Quality art design in video games is nothing new. Games like The Division, Uncharted 4, and Overwatch have all been noted this year for their fantastic world design and aesthetic, which serve to further immerse the player in an already immersive world. But rarely do games actually have art in their art design. Sure, you might see the occasional bit of graffiti in the background of Grand Theft Auto or Street Fighter, and there might be the occasional well-realized statue in a Call of Duty level—but almost never is art a cohesive through-line throughout an entire game. The last time I noticed something like that was in Bioshock Infinite. But lately, I’ve noticed it again and again in the recently released Deus Ex: Mankind Divided.
In Deus Ex, artistry is part of the world design. You’d be hard pressed to go a block or two in its cyberpunk rendition of Prague without finding some kind of artistic expression. Even things like street intersections or subway entrances have been taken over by evocative public works projects. What’s better, is that most of the art serves to further represent the games themes of racism and segregation, as well as the attainment of human perfection. So much of the art in Deus Ex isn’t just good for art design in a video game, it makes for good art, period.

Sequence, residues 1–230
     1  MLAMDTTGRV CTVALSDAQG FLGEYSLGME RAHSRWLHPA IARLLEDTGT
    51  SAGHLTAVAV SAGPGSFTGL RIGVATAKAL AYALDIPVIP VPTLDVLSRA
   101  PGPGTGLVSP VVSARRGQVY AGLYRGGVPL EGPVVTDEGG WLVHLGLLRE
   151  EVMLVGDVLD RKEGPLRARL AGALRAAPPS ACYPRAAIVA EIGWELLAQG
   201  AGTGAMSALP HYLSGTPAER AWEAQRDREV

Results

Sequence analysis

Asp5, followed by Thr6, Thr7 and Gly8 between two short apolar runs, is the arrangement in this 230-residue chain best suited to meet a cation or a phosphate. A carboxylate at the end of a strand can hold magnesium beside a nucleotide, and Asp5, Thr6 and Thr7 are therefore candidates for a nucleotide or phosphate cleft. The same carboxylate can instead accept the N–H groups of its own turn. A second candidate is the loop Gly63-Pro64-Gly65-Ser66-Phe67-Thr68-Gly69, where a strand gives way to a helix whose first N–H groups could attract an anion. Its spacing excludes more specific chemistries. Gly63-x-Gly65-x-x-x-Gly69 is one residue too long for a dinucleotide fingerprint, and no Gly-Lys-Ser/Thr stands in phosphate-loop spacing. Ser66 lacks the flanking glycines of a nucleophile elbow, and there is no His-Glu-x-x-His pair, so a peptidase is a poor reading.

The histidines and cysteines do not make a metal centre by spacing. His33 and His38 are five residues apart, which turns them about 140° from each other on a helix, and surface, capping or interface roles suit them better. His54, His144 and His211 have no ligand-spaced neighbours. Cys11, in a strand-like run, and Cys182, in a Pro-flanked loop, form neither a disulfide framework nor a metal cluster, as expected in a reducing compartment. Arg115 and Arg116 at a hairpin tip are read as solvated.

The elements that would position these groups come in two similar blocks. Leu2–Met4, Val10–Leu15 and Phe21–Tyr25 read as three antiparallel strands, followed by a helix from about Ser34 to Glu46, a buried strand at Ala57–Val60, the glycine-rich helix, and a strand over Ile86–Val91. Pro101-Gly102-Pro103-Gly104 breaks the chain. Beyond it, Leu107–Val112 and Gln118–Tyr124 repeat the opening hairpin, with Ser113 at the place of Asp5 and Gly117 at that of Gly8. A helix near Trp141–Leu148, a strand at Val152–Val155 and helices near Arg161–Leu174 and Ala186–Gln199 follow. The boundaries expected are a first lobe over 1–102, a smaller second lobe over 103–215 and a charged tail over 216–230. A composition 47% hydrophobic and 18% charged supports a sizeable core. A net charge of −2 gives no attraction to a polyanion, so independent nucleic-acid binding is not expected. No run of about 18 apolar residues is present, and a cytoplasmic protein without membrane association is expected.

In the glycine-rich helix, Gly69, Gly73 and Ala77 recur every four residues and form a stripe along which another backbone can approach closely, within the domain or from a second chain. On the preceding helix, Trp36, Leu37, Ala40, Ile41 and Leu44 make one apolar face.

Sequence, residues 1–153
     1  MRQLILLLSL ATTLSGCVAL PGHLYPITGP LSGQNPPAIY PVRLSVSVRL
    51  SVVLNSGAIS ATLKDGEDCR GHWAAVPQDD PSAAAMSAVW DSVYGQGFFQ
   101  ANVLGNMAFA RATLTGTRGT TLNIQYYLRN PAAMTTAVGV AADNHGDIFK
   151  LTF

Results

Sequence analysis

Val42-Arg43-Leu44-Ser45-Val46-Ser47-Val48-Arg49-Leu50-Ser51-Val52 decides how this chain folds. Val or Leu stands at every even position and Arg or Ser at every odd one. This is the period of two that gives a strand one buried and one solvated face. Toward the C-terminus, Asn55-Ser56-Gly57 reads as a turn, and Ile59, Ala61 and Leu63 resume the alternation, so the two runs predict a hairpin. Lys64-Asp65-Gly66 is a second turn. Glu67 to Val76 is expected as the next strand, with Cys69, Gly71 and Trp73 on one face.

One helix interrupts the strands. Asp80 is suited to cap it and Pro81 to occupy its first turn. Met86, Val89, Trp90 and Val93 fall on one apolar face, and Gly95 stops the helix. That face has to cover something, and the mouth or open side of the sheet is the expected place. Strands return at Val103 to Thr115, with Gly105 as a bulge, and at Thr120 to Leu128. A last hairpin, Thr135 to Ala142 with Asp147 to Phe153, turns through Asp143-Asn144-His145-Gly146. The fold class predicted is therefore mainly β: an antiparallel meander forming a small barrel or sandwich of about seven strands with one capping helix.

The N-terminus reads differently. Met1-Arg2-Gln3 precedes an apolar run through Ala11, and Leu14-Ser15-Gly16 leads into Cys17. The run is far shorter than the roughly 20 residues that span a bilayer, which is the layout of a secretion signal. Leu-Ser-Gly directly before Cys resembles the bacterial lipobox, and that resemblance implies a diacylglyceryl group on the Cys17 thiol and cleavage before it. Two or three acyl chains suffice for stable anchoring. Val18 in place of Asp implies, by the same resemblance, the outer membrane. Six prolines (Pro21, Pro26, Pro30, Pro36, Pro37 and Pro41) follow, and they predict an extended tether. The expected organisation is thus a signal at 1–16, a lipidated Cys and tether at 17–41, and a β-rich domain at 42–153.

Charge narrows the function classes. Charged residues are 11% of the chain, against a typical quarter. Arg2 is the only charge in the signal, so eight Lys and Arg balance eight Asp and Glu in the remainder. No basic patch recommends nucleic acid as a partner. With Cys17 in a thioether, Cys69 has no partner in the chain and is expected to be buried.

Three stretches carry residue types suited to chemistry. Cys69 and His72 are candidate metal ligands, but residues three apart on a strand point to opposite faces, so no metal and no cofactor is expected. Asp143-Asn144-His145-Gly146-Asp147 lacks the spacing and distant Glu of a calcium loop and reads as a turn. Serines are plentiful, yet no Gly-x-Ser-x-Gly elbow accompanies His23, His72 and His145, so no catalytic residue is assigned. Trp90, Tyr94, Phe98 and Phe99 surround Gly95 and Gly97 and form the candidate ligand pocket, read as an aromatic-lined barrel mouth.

I mean, just look at some of this stuff.
When we inevitably get our sequel to Adam Jensen’s latest adventure, I sincerely hope they keep the same art team. Hell, I hope every developer begins to think about art in games the same ways these guys do. So often, sculptures and paintings in games are just garnish, taking a backseat to action or set pieces. But a vital part of creating a believable world that people want to explore is creating believable things that people want to look at. I’m not saying it’s necessary for every game; it’s not. But Deus Ex: Mankind Divided has some of the best world and art design of 2016, and there’s always something to be learnt from that.